Archive | November, 2022

I’m a believer

22 Nov

Don’t you think it looks just like them? What, you don’t?

In an embarrassing incident in the Tribune’s news section recently, this picture was sent through by the picture desk to illustrate a story about Monkees memorabilia, went to the sub, who didn’t notice anything wrong, then into revise for me, who didn’t notice anything wrong, then to the production editor and duty editor, who didn’t notice anything wrong, then to the newsstand, whereupon almost everybody immediately pointed out that – yes – those aren’t actually the Monkees.

This always happens on large pictures on page three, doesn’t it? Never to little ones in the Nibs. Anyway, these are the four lead actors in Daydream Believer: The Monkees Story, a now little-seen and modestly rated biopic that came out in 2000.

I can’t even claim to have not looked at the picture. I was totally fooled by Davy Jones (George Stanchev), thought Michael Nesmith (Jeff Geddis)’s body language looked convincing, then stared at LB Fisher on the right of the group and thought “wow, Peter Tork looks young”. Not a trace of doubt in my mind. (In my defence, even Variety, while not very taken with the film, was reportedly impressed with the “close replicas of the original Davy, Mike, Micky and Peter”.)

Admittedly, once the inquest has begun, you immediately notice that Dolenz (Aaron Lohr) is perhaps a little less of a lookalike than the others. Also, there’s a distinctly modern-looking car in the background of the picture. Also, if you’re going to get seriously forensic about it, that shop in the background appears to be a branch of the convenience chain Rabba, which operates almost entirely in Ontario. (Although no reason, I guess, why the “prefab four” – as I discover they were wittily known – shouldn’t have been in Canada in the 1960s).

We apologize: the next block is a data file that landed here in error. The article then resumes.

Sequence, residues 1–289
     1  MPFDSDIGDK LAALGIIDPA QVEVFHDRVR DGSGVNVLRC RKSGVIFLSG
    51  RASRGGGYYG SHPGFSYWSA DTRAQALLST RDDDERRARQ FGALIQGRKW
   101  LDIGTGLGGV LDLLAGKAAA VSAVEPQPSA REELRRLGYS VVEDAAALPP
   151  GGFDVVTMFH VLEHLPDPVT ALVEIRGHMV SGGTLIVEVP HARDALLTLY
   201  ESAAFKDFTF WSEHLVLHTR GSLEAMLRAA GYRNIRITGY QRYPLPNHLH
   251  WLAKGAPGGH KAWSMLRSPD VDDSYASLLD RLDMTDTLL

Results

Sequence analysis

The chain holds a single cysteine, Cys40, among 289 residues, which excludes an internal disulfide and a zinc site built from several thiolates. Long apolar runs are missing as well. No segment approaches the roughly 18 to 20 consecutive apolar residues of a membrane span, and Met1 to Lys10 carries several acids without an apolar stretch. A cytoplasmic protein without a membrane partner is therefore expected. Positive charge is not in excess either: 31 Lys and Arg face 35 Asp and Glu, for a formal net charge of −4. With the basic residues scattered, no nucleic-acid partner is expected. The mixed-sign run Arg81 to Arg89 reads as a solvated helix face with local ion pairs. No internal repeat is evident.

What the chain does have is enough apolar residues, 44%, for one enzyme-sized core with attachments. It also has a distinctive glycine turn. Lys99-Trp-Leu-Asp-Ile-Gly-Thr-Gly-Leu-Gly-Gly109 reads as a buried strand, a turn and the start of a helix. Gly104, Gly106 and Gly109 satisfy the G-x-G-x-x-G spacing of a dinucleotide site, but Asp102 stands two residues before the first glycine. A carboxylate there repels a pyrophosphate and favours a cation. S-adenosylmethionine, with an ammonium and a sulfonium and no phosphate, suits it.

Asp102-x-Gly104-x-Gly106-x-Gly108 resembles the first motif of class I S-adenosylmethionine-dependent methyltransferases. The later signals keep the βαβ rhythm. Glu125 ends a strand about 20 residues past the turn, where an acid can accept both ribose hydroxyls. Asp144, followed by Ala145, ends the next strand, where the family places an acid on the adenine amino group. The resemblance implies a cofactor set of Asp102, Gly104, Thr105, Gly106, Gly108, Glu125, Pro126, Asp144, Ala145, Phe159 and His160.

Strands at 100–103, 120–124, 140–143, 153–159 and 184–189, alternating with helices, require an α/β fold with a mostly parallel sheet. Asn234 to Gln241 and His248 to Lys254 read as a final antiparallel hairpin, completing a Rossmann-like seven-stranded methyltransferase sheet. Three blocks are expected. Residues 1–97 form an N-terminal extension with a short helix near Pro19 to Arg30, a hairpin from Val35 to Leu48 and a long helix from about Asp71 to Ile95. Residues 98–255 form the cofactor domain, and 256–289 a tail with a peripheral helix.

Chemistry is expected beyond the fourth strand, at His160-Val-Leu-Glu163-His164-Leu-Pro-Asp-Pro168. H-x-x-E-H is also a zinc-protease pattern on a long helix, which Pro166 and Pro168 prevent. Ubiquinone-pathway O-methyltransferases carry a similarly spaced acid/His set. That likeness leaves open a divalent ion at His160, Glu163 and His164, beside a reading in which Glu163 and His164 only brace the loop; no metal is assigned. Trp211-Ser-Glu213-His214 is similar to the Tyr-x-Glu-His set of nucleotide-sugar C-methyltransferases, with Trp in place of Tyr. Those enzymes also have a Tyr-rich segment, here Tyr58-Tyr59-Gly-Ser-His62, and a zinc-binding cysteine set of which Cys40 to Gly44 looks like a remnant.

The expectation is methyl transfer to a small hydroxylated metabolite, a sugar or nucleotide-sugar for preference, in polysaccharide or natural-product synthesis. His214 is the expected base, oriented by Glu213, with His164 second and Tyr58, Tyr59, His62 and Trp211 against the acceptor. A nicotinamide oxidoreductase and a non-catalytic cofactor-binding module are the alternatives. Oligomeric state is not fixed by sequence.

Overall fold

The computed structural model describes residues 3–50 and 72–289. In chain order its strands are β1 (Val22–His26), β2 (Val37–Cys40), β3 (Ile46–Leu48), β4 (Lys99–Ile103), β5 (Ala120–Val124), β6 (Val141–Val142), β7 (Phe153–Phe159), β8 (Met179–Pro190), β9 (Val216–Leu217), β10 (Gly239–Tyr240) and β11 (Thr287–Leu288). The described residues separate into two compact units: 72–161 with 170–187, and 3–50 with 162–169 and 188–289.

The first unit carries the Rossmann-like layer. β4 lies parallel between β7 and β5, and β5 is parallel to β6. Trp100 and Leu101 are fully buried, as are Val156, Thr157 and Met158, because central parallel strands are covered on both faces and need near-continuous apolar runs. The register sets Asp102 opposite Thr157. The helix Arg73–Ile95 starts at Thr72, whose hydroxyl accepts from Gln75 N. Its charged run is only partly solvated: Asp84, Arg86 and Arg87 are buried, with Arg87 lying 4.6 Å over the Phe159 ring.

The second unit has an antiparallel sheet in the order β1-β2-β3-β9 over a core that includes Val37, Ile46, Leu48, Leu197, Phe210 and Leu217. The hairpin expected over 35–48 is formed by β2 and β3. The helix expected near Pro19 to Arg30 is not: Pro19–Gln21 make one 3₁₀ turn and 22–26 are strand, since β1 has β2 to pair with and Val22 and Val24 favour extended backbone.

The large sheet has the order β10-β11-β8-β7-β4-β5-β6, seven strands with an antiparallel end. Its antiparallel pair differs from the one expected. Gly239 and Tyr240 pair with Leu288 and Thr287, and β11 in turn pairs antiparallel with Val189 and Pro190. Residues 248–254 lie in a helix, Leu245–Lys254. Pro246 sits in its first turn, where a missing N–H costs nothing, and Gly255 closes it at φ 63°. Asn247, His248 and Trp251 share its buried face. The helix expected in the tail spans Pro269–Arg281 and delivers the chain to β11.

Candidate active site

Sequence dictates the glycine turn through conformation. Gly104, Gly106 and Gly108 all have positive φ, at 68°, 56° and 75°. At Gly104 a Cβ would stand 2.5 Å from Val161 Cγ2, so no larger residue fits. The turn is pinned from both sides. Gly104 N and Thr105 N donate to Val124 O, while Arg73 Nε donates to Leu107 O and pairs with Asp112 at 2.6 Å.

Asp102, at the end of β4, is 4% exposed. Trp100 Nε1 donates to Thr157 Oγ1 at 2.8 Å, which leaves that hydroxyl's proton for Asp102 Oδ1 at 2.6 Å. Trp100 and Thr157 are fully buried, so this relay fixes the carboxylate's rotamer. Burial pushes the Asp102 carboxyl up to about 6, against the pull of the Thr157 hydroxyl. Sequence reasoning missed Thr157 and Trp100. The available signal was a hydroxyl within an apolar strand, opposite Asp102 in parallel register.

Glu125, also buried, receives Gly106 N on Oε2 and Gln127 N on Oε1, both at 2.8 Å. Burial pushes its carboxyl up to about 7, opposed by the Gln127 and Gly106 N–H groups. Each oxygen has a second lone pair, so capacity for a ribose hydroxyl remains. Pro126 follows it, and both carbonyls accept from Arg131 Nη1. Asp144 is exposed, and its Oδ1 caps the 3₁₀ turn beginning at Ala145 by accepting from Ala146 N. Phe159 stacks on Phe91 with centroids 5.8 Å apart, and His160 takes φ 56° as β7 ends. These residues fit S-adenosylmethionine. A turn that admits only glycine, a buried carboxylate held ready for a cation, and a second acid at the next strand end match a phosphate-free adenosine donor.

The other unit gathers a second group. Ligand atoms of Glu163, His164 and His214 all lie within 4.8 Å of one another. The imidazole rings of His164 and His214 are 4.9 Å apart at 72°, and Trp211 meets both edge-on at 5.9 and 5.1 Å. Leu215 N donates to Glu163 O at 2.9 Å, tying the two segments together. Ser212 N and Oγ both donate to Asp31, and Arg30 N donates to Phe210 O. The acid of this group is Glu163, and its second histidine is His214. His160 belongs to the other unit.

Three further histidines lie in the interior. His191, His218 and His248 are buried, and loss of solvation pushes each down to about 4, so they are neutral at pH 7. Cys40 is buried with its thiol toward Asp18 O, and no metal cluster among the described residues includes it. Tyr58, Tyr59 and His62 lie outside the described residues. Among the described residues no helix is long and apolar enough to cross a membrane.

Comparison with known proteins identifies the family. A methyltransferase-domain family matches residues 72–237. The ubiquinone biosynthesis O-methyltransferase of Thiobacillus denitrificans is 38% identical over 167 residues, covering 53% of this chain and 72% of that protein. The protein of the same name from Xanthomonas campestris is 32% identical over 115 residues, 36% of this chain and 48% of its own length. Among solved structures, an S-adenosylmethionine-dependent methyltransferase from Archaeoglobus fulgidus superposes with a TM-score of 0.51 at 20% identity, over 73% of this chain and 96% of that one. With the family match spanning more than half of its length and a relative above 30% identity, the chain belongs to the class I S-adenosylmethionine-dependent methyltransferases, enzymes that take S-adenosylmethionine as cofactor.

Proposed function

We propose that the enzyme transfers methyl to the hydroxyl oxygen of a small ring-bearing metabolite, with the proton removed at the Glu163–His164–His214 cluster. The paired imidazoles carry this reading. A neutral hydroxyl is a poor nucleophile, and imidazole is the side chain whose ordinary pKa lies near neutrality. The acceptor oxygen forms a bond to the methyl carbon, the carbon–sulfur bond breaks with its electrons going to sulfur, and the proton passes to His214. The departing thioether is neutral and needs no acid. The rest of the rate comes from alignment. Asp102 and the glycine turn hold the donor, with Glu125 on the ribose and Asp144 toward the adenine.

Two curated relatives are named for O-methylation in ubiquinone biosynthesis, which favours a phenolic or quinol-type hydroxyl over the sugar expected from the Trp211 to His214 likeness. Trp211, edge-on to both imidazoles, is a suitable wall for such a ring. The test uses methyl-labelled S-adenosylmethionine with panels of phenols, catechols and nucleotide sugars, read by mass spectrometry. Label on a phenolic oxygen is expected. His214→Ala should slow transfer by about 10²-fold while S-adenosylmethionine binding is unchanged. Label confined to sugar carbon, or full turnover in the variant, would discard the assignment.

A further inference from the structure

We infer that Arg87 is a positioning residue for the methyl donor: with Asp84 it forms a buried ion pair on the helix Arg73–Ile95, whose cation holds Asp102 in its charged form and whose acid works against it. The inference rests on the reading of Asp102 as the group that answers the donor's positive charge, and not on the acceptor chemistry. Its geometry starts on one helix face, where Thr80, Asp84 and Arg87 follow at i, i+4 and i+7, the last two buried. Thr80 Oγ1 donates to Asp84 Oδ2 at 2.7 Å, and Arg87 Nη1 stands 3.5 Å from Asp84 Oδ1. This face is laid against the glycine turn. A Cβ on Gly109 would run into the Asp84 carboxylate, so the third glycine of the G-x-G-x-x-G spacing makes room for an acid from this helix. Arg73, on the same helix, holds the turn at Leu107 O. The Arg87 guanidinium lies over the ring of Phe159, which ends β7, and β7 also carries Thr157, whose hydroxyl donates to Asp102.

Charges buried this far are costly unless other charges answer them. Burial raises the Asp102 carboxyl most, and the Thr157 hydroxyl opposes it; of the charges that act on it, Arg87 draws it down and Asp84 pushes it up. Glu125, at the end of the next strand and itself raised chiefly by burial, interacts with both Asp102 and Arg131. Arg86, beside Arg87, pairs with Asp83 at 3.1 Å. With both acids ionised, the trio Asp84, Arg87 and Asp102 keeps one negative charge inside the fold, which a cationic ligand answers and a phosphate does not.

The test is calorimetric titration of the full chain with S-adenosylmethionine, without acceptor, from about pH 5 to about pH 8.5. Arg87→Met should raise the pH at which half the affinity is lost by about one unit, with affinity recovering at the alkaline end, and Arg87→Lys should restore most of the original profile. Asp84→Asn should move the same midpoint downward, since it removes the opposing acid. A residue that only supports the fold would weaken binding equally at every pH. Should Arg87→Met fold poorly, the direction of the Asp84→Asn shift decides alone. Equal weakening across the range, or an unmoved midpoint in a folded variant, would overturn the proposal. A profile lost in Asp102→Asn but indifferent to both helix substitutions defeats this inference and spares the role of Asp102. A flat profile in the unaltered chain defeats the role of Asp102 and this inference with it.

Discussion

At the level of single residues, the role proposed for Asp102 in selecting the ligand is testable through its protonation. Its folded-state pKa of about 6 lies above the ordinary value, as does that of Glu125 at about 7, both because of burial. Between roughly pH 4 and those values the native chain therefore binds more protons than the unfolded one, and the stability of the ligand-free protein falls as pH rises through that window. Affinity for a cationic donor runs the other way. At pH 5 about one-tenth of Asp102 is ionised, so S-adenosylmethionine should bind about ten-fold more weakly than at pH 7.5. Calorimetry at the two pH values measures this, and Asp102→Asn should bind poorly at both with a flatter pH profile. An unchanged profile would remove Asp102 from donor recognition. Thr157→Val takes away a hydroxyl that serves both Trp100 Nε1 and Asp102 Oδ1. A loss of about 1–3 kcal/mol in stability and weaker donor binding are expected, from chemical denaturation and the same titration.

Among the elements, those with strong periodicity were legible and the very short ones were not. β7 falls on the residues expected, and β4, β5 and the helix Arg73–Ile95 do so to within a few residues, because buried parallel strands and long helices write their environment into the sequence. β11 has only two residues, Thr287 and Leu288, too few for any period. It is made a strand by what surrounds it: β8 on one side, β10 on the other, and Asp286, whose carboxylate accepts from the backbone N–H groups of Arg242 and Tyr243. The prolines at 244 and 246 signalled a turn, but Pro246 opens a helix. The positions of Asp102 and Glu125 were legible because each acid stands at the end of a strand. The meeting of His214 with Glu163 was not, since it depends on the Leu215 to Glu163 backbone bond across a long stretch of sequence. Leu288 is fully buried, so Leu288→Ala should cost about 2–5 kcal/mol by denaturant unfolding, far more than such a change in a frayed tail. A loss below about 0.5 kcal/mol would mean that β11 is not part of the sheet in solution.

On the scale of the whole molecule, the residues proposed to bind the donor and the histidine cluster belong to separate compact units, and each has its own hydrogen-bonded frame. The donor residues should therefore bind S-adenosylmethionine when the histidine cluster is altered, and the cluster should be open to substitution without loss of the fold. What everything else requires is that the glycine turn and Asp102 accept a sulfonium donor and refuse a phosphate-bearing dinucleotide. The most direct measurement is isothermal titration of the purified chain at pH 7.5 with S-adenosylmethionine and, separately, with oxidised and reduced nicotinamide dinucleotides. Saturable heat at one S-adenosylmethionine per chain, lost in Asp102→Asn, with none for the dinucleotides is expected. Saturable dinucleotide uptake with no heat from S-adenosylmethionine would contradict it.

The BBC once broadcast footage of Bob Dylan that turned out to be of a Bob Dylan impersonator. I used to think that might have been because the person who chose the footage was one or even two generations younger than the fans who would notice. But I watched The Monkees myself when I was growing up, for heaven’s sake. All together now, as this blog has said many times, not least to itself: captions have a shorter path into print than any other component on a page.

All sorts of things can go wrong. The agency caption might be ambiguous. The agency caption might be wrong. The agency caption might be right, but nobody has read it closely enough. The revise sub is probably the last person who will read it closely before the readers do. So when you’re revising them, you can’t just be a believer. You’ve got to see their faces.


Pity and error

8 Nov

The Tribune has been running a headline competition in recent months, and with the self-effacing reticence that characterises our profession, I have been showing off shamelessly trying to win it. (Not entirely successfully: because you have to be nominated by your peers to get in, not all one’s efforts bear fruit. On one story about enfant terrible Jake Chapman’s first solo art exhibition without his sibling Dinos, I wrote the kicker “Art brother, where are you?” and sat back in proud expectation, only for it to pass through the revise queue without comment and vanish from sight.)